“***Flawless” might be the core text of Beyoncé: a show of rage disguised as pop, a triptych of pieces about femininity, femme, race, and womanhood, seemingly lacking in coherence but expressing a plurality of voices. The first part begins with the artist singing to her fans and followers: “I know when you were little girls / You dreamt of being in my world / Don’t forget it, don’t forget it / Respect that. Bow down, bitches.” After this declaration of matriarchal dominance, the song slows into a tense quiet as a sample of Chimamanda Ngozi Adiche speaks of the inequalities of expectation and socialization put upon women, in which women are taught to be less sexual, less ambitious, and less competitive than men; any competition occurring between women for marriage partners. After Adichie declares a feminist as one who believes in the “social, political, and economic equality of the sexes,” the song shifts into a series of chanted pro-femme mottos: “I woke up like dis / We flawless / Ladies, tell them say / I look so good tonight.” The artist almost frantically honors the gifts offered by each member of her family; the confidence, courage, and validation.
All of this is bookended by clips from the artist’s appearance on Star Search as a member of Girls Tyme competing against an all-white, all-male, rocker-looking group Skeleton Crew. The audience is aware of the dramatic irony that Skeleton Crew wins with four stars over Girls Tyme’s three stars, given that we have no idea who these guys while the artist continues her media domination.
As an anthem, the call outs “I woke up like dis” and “I look so good tonight” are spells of femme empowerment. Self-validating, these words declare one’s self a preternaturally beautiful and flawlessly put-together being while masking the labor and heartache that goes into one’s look. Within the larger context of the artist’s surrender of perfection, flawlessness becomes less about external standards and more about an attitude, a style of being and confidence that owns its own space. Adichie speaks of the messaging that teaches “girls to shrink themselves, to make themselves smaller,” and this is the artist’s answer—to become bigger, to demand space, to insist on her own excellence.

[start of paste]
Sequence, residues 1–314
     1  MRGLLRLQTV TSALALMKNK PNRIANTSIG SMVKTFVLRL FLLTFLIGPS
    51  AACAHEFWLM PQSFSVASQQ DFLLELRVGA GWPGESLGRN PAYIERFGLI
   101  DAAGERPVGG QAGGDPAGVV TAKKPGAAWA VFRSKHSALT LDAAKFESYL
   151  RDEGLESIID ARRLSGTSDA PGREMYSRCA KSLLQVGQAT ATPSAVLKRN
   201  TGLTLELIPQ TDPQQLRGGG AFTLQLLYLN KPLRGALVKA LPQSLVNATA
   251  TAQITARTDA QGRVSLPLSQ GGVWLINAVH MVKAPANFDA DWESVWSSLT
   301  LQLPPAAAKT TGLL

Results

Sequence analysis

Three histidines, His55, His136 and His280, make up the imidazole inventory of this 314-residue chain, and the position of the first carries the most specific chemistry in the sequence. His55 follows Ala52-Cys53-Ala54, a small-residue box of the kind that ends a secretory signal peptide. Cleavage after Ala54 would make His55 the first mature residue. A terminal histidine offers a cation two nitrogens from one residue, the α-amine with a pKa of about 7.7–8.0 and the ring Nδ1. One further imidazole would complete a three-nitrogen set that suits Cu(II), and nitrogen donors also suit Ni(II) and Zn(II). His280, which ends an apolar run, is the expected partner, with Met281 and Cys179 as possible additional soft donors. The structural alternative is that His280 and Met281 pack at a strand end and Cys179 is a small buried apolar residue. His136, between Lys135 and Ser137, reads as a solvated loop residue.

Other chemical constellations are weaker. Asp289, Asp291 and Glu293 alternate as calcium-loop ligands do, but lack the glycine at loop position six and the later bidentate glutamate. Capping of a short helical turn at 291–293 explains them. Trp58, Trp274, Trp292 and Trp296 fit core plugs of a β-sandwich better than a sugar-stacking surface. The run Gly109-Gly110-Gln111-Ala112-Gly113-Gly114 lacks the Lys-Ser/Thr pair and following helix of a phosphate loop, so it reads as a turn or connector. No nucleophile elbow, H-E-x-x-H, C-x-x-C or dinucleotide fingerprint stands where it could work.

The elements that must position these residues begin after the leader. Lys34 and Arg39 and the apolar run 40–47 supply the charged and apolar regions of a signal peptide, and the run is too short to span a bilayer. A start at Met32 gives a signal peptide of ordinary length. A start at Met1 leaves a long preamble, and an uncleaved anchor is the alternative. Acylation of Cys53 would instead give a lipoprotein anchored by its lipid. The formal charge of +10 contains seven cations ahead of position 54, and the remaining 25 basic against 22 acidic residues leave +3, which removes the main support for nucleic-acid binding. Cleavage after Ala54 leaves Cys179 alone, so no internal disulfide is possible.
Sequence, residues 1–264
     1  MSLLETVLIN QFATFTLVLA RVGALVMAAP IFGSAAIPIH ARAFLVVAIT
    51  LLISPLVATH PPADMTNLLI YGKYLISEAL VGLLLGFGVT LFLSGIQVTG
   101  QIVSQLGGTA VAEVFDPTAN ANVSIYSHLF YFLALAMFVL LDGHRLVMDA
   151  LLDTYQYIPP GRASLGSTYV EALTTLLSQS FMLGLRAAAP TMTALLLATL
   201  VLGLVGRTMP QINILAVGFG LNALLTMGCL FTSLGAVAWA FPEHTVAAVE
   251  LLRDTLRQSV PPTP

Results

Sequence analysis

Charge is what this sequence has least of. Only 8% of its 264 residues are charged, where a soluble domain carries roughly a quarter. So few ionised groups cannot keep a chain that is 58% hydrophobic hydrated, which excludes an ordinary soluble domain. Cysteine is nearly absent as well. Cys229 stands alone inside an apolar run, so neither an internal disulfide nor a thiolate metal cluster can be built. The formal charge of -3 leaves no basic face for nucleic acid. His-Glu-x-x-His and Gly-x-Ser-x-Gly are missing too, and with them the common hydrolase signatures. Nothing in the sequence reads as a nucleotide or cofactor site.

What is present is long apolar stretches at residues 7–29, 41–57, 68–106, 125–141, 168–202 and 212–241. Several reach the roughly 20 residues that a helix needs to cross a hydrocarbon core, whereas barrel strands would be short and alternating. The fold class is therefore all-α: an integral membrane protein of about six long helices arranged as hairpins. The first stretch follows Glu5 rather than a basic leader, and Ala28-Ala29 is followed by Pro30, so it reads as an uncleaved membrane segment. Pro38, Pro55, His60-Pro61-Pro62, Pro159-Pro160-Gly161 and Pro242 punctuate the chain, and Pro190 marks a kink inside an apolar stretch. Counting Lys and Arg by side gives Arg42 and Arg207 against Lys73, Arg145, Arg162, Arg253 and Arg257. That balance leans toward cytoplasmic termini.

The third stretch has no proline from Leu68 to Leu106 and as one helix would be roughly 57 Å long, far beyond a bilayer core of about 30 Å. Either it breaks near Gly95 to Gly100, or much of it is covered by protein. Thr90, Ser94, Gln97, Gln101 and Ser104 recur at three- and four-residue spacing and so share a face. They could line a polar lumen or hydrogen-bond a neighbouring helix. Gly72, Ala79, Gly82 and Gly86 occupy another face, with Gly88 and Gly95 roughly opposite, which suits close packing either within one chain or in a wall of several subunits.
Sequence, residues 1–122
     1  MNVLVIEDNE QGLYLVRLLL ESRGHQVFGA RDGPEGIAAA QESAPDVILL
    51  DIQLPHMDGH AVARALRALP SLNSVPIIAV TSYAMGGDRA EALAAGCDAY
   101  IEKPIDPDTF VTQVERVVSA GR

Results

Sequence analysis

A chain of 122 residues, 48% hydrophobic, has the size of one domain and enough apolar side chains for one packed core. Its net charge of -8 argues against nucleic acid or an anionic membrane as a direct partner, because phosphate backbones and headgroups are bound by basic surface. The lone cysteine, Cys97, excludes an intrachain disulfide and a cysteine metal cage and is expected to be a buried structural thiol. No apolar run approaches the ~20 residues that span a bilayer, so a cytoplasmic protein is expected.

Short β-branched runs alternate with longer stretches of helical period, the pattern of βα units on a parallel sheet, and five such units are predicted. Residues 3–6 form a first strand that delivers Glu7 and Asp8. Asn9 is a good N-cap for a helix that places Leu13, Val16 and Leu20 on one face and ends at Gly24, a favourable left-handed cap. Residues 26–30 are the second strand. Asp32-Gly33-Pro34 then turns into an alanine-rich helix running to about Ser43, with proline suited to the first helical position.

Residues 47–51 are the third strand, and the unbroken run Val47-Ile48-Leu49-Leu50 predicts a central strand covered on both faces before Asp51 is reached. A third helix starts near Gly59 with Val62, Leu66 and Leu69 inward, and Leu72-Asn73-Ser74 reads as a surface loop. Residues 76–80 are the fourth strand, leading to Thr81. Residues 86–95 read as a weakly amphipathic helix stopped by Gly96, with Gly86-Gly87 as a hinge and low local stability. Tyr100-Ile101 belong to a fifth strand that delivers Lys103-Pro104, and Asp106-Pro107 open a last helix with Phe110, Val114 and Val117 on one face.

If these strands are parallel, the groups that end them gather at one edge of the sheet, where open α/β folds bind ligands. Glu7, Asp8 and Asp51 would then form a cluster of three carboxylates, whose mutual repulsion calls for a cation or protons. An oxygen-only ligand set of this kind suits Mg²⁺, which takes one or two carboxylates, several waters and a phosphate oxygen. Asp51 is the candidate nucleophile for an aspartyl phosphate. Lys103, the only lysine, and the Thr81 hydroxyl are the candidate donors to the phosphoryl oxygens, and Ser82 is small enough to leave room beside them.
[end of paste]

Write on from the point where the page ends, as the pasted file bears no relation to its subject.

This pro-femme anthem seems contradictory to the song’s initial declaration of hierarchy, the artist commanding respect and submission from all would-be competitors who are growing up and thinking of taking on the Queen against her throne. Adichie’s bridge offers a context that broadens the scope of the song’s message. She speaks of socialization compelling women to vie for male attention “rather than jobs or accomplishments, which I would think a good thing.” She further asserts that are taught, “you can be successful, but not too successful, or else you’d threaten the man.” Part one of “***Flawless” keeps competition within the realm of women, the artist presumably speaking to other female artists to pay homage and respect. This occurs within the wider media culture that pits women artists against each other and isolates music within gendered scopes, echoing back to the 1994 Q Magazine interview with Tori Amos, PJ Harvey, and Björk, in which Amos says:
It’s funny for women because journalists pit women against each other. If you think about Jimi Hendrix, Jimmy Page and Eric Clapton they were all much more similar to each other than we are. We have tits. We have three holes. That’s what we have in common. We don’t even play the same instruments. It really disappoints me when some sort of competition has to be manufactured for their little minds and fantasies.
Anger toward the patriarchal restrictions that narrow women’s opportunities to a gender-segregated channel seems to simmer within the context of the song. The video itself shows the artist participating in moshing, posturing with ferocity, giving her best femme daddy.
Returning to the Star Search bookends, the three asterisks in “***Flawless” call back the three stars given to Girls Tyme. The song allows us to sink into its anger, its pride, its fierce declaration of the power of women, and then take in the reality that no matter how flawless they are, Black women only get three stars in a culture that awards White men four stars as a matter of course.
In this way, the song is a journey of expansive consciousness, starting from thinking from a place of power scarcity, in which women have to compete for what limited power is available, moving through feminist analysis, and emerging with this sharp-edged honing of identity and exaltation of femme consciousness. This may point toward the direction this evolution will continue with the artist as she moves from five, the experimental expression of self-actualized energy, to six, the meeting of new opposition. The individualizing being, increasing in confidence and a greater sense of purpose, must continue to expand in scope and capacity, meeting and defeating all oppositions. As she was able to divest herself of the limitations of perfectionism, her next step might be well to take on the larger social barriers that inhibit her success and creativity.
Complete Jungian readings of Beyoncé’s work: